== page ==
Video Game Goggles [HOT]
The Integrated Visual Augmentation System, or IVAS, is a set of augmented-reality goggles combining night vision with navigation, targeting and the ability to see exactly where friendly and enemy troops are. After previous failed attempts, the U.S. Army may have succeeded in turning science fiction into reality and created something that the soldiers appreciate.
video game goggles
That's because we've seen it all before. In the early 1990s, technology firms, especially video game companies, fell over themselves in a rush to capitalize on VR Buzz 1.0 by announcing (and in a few cases releasing) their very own virtual reality headset hardware.
"The whole experience felt natural to me, as I've played lots of first-person shooter video games that show me exactly where I am on a map, where my teammates are and where the enemy is," he wrote. "It was almost like a real-life game of Call of Duty."
One of the most iconic aspects of the Splinter Cell series is the pair of night-vision goggles that protagonist Sam Fisher wears over his face. In their first, and newest, ComDev video, Ubisoft has given a brief overview on when players should expect to receive the goggles in-game, and their function.
It's safe to assume that the necessity and overwhelming popularity of the gadget influenced Ubisoft's decision to make them available very early on in the game. The goggles will we able to illuminate the darkest of rooms for players, with a slight delay for Fisher's own eyes to adjust. Ubisoft also teased additional unannounced features of the goggles.
David has been a gamer since childhood and enjoys games that are able to deliver fun and intricate gameplay alongside compelling and emotional narratives. He's also a huge fan of film, television, comic books, and literature. David has his B.A. in English Language Arts from CUNY John Jay College.
The U.S. Army is in the process of fielding a new, advanced set of night vision goggles that features impressive additional sensor fusion and other capabilities that look straight out of a first-person shooter video game. The service recently released a video showing soldiers training with the goggles that offers a very good look at how they not only improve an individual's ability to see at night, but also gives them valuable additional information about what's going on around them on the battlefield.
What you see first in the footage when it comes to the picture the ENVG-B presents to the user is a very good overview of the kind of new capabilities the goggles offer. What's immediately notable is that the view has something of reddish tint in certain areas, rather than the green or gray coloration commonly associated with night vision optics.
This is because the ENVG-B fuses together the view from an image intensifier, just like you would get with older night vision optics, and one from a thermal sensor. This combination offers greater overall fidelity compared to older goggles and also provides a means of spotting targets through visual obscurants, such as dust and smoke.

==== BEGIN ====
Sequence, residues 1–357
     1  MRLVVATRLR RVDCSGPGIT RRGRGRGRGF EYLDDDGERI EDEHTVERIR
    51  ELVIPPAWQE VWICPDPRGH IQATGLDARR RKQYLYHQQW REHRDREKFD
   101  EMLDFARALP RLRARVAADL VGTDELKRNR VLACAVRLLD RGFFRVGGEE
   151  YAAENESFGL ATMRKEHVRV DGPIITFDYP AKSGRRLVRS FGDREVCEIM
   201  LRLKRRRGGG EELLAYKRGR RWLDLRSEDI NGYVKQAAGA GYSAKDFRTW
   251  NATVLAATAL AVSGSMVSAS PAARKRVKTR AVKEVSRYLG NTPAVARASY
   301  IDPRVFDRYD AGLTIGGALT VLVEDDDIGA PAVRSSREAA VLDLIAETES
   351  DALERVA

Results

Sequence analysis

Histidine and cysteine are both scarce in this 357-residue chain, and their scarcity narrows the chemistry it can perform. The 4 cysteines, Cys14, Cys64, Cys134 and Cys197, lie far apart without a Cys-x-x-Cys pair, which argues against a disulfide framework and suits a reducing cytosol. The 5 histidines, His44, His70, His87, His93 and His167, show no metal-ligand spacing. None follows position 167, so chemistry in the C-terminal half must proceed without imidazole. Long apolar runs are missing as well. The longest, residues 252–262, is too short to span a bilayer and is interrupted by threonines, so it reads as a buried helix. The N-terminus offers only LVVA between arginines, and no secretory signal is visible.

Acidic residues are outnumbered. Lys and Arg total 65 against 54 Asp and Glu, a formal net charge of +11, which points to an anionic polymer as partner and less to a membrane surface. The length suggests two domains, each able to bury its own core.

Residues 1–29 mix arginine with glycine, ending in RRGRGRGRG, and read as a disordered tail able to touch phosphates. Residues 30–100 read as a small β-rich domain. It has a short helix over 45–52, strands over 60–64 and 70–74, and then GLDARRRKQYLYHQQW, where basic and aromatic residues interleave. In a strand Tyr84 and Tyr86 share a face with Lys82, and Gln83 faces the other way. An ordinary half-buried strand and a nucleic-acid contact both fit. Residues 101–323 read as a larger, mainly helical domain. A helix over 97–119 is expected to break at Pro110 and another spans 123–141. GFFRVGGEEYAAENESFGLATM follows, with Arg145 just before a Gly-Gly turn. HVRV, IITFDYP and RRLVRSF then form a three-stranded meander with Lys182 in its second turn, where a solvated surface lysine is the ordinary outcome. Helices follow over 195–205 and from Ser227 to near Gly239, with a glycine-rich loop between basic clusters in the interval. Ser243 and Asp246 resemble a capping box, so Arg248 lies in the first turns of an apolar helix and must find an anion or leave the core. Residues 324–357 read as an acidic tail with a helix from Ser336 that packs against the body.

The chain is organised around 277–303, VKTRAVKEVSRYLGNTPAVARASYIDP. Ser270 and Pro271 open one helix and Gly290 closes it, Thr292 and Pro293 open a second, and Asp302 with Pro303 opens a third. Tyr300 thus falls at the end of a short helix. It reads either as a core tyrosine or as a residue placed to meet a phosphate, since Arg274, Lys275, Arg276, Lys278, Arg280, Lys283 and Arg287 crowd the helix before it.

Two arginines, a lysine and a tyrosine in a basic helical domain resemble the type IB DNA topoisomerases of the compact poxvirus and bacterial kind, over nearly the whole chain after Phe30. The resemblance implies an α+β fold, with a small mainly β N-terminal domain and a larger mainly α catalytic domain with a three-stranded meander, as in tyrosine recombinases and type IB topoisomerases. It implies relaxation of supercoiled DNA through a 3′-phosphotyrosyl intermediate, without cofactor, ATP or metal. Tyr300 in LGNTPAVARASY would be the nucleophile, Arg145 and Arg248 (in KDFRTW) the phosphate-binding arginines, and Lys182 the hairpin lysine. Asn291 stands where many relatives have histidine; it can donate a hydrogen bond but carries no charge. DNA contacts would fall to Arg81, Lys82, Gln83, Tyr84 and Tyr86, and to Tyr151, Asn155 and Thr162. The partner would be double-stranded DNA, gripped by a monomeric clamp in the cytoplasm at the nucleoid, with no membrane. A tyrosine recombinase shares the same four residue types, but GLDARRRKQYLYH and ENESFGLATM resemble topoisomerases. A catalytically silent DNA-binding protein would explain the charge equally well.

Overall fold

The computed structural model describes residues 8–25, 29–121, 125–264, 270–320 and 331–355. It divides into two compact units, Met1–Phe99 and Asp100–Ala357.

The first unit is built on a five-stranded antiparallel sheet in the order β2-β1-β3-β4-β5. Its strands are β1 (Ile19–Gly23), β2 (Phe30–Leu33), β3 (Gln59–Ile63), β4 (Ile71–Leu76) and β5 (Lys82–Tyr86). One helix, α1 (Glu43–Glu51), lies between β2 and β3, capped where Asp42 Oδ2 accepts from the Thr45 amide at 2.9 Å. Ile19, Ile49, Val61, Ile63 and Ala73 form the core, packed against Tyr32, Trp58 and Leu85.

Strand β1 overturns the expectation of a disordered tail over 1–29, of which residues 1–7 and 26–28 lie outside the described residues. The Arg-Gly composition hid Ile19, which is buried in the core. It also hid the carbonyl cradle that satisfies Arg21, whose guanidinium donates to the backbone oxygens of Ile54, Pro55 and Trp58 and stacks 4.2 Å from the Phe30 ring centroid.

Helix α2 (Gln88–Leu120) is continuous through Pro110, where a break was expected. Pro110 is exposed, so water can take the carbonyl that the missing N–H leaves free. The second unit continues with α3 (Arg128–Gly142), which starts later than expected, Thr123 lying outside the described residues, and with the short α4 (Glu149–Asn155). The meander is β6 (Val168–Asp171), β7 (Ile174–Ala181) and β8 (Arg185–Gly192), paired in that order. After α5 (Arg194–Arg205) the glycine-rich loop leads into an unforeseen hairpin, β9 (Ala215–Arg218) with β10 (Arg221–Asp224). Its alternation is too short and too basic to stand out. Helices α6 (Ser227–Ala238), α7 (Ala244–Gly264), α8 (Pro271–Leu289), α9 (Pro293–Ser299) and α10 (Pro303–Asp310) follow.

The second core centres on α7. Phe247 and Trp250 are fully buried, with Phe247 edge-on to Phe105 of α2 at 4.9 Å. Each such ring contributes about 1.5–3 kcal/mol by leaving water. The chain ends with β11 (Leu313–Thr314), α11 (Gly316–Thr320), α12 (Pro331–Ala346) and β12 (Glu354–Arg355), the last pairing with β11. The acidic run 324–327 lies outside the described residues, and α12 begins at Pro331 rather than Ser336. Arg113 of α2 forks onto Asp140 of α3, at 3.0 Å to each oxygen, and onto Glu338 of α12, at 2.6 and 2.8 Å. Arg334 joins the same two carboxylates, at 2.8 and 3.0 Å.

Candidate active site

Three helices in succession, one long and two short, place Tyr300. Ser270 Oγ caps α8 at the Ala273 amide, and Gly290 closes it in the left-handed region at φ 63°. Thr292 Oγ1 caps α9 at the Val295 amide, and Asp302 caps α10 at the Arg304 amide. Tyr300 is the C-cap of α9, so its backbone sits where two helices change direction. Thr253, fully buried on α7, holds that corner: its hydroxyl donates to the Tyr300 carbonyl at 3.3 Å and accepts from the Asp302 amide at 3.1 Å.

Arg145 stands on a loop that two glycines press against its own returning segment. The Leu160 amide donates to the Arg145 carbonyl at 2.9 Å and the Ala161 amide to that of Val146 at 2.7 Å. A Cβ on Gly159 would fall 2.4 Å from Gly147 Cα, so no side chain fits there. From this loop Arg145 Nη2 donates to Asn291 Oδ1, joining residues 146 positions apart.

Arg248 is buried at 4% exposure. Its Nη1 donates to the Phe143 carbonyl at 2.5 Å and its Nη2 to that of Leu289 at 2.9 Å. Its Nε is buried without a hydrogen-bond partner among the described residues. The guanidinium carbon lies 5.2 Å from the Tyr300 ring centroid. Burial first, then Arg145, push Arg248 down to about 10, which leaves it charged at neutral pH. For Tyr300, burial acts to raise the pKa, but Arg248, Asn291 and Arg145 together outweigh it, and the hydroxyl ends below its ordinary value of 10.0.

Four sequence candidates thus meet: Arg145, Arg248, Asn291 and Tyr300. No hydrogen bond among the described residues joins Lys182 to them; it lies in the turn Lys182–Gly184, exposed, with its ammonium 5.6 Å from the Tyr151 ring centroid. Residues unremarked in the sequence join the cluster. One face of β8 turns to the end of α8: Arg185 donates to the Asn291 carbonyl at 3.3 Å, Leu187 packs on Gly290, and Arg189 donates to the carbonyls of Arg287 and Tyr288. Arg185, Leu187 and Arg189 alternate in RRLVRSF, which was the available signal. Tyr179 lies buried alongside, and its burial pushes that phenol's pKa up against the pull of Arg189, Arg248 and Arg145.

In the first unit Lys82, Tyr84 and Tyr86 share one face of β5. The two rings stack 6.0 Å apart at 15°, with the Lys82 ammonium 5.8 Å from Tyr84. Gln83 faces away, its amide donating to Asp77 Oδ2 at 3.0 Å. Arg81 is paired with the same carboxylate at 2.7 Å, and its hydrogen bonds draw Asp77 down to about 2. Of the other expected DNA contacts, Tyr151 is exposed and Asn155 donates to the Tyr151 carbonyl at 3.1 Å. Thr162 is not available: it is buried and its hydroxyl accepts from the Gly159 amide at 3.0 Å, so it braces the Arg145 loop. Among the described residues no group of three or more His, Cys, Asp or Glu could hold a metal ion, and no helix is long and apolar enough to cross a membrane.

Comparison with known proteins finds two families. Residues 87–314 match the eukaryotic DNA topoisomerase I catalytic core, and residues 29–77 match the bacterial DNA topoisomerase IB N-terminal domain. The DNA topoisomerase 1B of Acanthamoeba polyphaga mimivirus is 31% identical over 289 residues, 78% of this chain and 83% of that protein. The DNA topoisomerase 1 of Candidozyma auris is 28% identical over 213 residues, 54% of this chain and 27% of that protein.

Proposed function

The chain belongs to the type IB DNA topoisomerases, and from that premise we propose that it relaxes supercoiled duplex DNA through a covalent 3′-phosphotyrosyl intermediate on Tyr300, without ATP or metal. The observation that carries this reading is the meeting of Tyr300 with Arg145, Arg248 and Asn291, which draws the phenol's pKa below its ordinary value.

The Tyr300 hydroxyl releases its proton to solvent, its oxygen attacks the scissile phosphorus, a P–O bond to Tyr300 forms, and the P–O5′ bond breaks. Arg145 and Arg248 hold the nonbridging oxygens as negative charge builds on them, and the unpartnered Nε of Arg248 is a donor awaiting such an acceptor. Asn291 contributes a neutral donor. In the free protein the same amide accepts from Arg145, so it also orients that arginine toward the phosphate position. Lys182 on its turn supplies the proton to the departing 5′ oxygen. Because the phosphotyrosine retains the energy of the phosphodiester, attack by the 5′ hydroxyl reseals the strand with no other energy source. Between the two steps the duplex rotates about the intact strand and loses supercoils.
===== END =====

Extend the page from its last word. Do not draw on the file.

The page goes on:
The Army, as well as the ENVG-B's manufacturer, L3Harris Technologies, says the goggles' wireless connectivity means that it can also pipe in other kinds of data and project that onto the display, including from the Army's Nett Warrior situational awareness system. This turns the entire system into a sort of miniature heads-up and situational display for individual troops.
The video from the 3rd Infantry Brigade Combat Team, 25th Infantry Division's weapons range training only shows a compass. A video that L3Harris previously released also shows another view with a video game-esque "radar" in the corner showing the general locations of friendly troops in relation to the user, as well as possible hostiles and other waypoints and objects of interest. A red diamond symbol, the U.S. military's standard symbol for enemy forces, is also seen in the center of the feed denoting the location of a hostile structure and the picture-in-picture view has more information about that building.
This raises the possibility of linking the ENVG-Bs to other sensors and data feeds, including those from manned and unmanned fixed and rotary-wing aircraft, as well as manned and unmanned vehicles on the ground, among other sources. One of the most obvious immediate uses of this capability would be to pipe the feed from a drone into the goggles to allow soldiers to more readily identify enemy forces and other possible hazards well ahead of their positions. This would give even small Army units significant advantages when maneuvering on the battlefield, making it easier to flank opponents, scout ahead, or simply avoid dangerous spots.
Compared to those previous goggles, the ENVG-B also offers a wider field of view. It can still be used in a monocular configuration that gives the user a more readily available option to see normally, if desired, as well.